The latest technical development takes this breakdown in any collaborative approach one step further. With building information modeling (BIM), software publishers promise that a set of two-dimensional documents can be “parametrically” generated from detailed design models. With the expanding power of graphical computers, hundreds of sheets of drawings and thousands of pages of specifications can now be automatically extracted from three-dimensional databases, leaving little time for any discussion.
Silenced by the technology
Ironically, both the builder and the practiced draftsperson are now silenced by a widening technical gap. Worse yet, the computer operators who build these parametric models are even further removed by the same technology. As the puppets of project management, they have been reduced to performing tasks with limited understanding of the nuances of the real-world constructability or the implications of the plans automatically generated by their computers.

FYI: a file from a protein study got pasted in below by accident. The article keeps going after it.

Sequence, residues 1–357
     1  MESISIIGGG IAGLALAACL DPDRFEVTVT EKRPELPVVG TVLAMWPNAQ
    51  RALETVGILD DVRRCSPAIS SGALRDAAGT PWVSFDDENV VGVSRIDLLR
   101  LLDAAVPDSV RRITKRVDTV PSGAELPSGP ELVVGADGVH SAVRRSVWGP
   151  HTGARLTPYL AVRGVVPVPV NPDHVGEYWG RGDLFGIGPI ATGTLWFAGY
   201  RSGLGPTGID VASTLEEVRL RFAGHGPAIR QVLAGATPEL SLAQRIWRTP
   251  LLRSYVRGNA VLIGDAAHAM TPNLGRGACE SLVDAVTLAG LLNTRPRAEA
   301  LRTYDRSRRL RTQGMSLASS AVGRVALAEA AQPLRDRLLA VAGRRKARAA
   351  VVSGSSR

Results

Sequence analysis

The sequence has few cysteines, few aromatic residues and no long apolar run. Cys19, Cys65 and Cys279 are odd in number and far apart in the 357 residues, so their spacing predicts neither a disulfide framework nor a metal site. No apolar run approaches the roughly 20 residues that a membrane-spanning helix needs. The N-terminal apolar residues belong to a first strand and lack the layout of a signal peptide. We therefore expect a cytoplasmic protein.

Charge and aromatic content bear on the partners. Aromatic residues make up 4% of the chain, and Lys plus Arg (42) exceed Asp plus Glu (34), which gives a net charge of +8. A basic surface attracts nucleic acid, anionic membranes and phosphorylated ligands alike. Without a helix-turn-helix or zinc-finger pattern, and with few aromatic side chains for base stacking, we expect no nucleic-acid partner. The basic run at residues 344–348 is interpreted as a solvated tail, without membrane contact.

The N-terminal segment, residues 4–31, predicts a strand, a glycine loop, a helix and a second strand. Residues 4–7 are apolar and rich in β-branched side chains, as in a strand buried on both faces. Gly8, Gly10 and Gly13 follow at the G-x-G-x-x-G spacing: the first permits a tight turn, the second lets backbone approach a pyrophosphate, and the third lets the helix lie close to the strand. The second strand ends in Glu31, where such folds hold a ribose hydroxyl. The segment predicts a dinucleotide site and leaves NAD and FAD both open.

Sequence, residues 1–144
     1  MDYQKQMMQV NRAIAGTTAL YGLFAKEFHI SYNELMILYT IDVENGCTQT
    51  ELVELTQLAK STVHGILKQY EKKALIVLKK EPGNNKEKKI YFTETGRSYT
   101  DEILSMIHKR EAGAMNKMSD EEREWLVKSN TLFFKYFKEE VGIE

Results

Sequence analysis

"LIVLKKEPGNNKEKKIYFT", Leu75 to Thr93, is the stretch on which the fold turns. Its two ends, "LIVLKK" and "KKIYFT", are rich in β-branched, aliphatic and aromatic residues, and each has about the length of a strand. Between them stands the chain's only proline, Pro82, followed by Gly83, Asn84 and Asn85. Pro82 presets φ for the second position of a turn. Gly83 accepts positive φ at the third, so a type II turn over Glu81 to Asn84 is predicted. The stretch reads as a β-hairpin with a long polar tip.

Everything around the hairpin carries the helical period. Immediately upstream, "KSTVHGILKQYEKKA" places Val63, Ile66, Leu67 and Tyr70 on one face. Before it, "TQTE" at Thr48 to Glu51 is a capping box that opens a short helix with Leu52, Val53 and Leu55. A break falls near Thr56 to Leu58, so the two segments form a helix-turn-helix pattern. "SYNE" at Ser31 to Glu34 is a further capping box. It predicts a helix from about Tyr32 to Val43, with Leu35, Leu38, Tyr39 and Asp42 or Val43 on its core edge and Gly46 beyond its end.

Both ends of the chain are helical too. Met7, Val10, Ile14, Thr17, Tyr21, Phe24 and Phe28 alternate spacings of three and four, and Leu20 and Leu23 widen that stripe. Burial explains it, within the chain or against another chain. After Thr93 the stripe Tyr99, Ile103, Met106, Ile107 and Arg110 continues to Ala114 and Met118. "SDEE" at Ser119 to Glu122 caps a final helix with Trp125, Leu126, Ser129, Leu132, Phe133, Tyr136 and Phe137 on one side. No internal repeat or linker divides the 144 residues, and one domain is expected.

In response, large construction companies have installed their own graphical work stations. Operators struggle to generate preconstruction and as-built models using the same design software to anticipate and resolve conflicts and problems that may occur in the field. The use of this software by constructors indicates a commitment to cutting edge information technology, even though the real value of these programs is its advertised potential to automatically convert 3D models to 2D contract drawings (parametrically). Not something many builders need or want in the real world.
The challenge of course is to respond to the potential of this new technology, without losing the exchange of ideas and interaction fundamental to discovering solutions in the construction process. Like the once skilled draftsperson, professional builders can easily be buried by a protracted learning curve, cut off by a technology that blurs the essence of what it means to be a builder.
Construction models are not BIM
A construction model graphically defines scope and anticipates real-world conflicts and alternatives with little need for two-dimensional drawings. These models mix sequence animations and assembly and process simulations to communicate ideas spontaneously in an ongoing construction process.